Risky Mergers and Acquisitions of Corporations in Unregulated Sectors of the Economy

Risky Mergers and Acquisitions of Corporations in Unregulated Sectors of the Economy


Mergers and acquisitions (M&A) are the forms of the company restructuration and it measurably reveals on the antimonopoly atmosphere on one or another market. For the antimonopoly purposes M&A is named as the concentration, consolidation or combination of the dealing. As a result, any such dealings create appropriate model of certain markets, which impacts on the existing competition of the market. On the opposite side, divide one corporation into several legal entities or demerger corporations directly causes on the de-monopolization of the market.

There are several types of M&A, which are legally treated by the complex commercial agreements, but the main purpose of this article is to discuss M&A not for the viewpoint of the free expression of the contractual will, but to explain it in the framework of the antimonopoly regulation. The main idea is to identify risky M&A treaties for the antimonopoly purposes and present own point of view how to avoid these risks.

  1. Regulated and unregulated sectors of the economy

Georgian legislation determines different public agencies controlling pre-contractual circumstances of M&A and allows or forbids such dealings if this process causes the damage for the antimonopoly atmosphere. If two existing companies are going to join under one legal entity or one company is going to acquire another company and this process may harm a competition environment on an appropriate market, companies will be obliged no notify about their intention to Georgian National Competition Agency. Although, if actors of M&A are enterprises from energetic, telecommunication and banking sectors, this notification should be applied in different public agencies, because mentioned sectors are called as the “regulated sectors of the economy”. Generally, all business entities are “regulated” and they are obliged to comply their activity with Georgian legislation, such as tax, customs, labor, licenses and permits, intellectual property and another, but from the view point of the antimonopoly purposes, there is a special term “regulated sector” and it means the fields which are specially supervised by: Georgian National Energy and Water Supply Regulatory Commission, Communications Commission of Georgia and National Bank of Georgia. That’s why an article presents term “unregulated sectors of the economy” and herein they are interpreted only by competition law and not by another field of law.

  1. Aim of the antimonopoly regulation of merger and acquisition

Despite all business decisions concerning to mergering corporations or acquiring shares are made by the free will, there is an obligation of the parties to inform about their will to the Legal Entity of Public Law – Georgian National Competition Agency.  As a result of such deals, the main challenge is creation possible monopoly position. Described intervention of the free business decisions aims to prevent formatting the dominant status in any unregulated sector of the economy.

Frist of all, it is necessary to identify, what should be the real solid/weak or potential solid/weak risk for the antimonopoly purposes of M&A. An answer is presented in the definition of the “dominant position” of the market.

“Dominant position means a position of an economic agent(s) operating on the relevant market, which allows it/them to act independently from competing undertakings, suppliers, clients and final consumers, and to substantially influence on the general conditions of circulation of goods on the market and restrict competition. Unless there is any other evidence, an economic agent(s) shall not be deemed to hold a dominant position if their share of the relevant market does not exceed 40%. Each out of two or more economic agent(s) shall be considered to be in a dominant position if it does not encounter any significant competition within the group under consideration and from other economic agent(s), taking into account the limited access to their raw materials and the sales markets, market entry barriers and other factors, and at the same time:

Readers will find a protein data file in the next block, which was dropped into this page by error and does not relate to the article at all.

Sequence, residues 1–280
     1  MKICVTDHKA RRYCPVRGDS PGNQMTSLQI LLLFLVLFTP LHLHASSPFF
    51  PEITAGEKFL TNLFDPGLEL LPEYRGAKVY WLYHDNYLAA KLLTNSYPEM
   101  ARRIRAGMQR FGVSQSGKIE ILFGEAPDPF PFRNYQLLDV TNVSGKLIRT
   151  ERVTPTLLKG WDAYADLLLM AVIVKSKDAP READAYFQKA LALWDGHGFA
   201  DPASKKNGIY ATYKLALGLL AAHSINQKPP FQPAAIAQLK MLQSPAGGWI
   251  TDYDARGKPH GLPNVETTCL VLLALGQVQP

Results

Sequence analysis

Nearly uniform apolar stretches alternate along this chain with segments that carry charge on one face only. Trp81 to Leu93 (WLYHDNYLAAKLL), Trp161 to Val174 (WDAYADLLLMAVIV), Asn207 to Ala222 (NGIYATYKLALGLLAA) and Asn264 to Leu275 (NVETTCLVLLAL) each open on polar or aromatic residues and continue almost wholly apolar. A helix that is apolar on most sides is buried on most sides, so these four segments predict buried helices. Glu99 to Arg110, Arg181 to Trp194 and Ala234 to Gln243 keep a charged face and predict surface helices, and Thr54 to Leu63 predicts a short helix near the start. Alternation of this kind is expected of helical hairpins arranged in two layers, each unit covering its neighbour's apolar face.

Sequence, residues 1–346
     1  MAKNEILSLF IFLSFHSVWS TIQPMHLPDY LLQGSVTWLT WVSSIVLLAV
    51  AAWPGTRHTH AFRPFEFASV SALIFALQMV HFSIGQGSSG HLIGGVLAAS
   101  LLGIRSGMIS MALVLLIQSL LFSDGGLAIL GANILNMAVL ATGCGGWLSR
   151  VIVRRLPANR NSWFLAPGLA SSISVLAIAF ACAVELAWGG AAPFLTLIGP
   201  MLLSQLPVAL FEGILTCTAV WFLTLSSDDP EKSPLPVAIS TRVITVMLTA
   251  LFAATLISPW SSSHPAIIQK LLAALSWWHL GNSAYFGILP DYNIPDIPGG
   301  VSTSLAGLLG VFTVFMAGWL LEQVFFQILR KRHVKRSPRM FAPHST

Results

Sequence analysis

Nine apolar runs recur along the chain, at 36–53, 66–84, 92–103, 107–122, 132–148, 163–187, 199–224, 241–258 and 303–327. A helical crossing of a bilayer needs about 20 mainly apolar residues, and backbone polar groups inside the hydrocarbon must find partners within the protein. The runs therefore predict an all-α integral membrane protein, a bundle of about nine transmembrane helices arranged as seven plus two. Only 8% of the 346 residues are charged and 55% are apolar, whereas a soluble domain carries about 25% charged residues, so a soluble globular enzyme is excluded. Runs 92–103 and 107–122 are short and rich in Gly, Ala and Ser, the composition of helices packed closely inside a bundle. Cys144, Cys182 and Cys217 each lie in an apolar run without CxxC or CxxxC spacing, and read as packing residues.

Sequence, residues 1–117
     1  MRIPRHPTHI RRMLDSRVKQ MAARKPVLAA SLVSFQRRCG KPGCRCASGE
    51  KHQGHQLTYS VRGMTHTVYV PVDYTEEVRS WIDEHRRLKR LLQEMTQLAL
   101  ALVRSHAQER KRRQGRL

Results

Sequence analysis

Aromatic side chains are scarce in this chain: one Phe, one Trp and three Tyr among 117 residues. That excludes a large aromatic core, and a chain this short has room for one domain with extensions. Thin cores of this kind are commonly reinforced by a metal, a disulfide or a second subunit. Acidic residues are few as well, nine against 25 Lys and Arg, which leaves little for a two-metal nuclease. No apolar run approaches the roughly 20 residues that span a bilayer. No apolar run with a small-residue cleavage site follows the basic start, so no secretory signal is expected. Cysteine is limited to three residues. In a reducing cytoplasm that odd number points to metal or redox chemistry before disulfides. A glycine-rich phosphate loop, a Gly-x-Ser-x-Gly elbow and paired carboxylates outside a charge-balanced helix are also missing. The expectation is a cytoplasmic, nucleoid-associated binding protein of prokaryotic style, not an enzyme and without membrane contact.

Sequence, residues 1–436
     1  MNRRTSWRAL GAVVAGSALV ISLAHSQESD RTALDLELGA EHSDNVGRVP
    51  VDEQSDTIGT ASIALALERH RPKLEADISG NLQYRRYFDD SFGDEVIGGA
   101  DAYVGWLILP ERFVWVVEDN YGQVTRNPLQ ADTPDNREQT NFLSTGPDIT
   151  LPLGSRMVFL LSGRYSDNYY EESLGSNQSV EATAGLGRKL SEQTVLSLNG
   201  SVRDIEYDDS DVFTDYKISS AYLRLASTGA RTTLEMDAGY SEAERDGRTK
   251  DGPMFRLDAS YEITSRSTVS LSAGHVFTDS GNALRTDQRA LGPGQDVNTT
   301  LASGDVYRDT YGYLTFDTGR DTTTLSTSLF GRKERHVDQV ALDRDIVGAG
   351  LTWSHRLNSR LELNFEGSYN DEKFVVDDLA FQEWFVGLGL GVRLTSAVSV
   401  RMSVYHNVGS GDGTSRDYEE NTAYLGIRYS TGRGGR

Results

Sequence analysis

i.a) the joint market share of not more than 3 economic agents exceeds 50% and at the same time, the market share of each of them is at least 15%;

i.b) the joint market share of not more than 5 economic agents holding the most significant market share exceeds 80% and at the same time, the market share of each of them is at least 15%.”[1]

For the purposes of the antimonopoly law, all mergers and acquisitions, which may cause the monopoly circumstances on one or another market means “concentration”, which means:

“a) merger of two or more independent economic agents resulting in the formation of a single economic agent;

  1. b) gaining of direct or indirect, full or partial control over one or more economic agents through the purchase of securities or interests, or through an agreement or otherwise, by one or more economic agents, or a person already controls at least one economic agent who is not considered to be an independent economic agent for the purposes of this law; on competition
  2. c) establishing a joint venture if it for a long time performs all the functions of an independent economic agent.”[2]

The law does not distinguish a “joint venture” and a “merger of two or more independent economic agents.” At the same time, it is important to get answer on the question – what’s meant under ” for a long time performing all the functions of an independent economic agent?” There are no indicated accurate or approximate criteria to measure the time. From my point of view sub-paragraph “c” of the quoted norm needs to be refined and specified in order to avoid all possible cases of subjective assessment.

  1. Mitigated approach of the law and the risk for the antimonopoly environment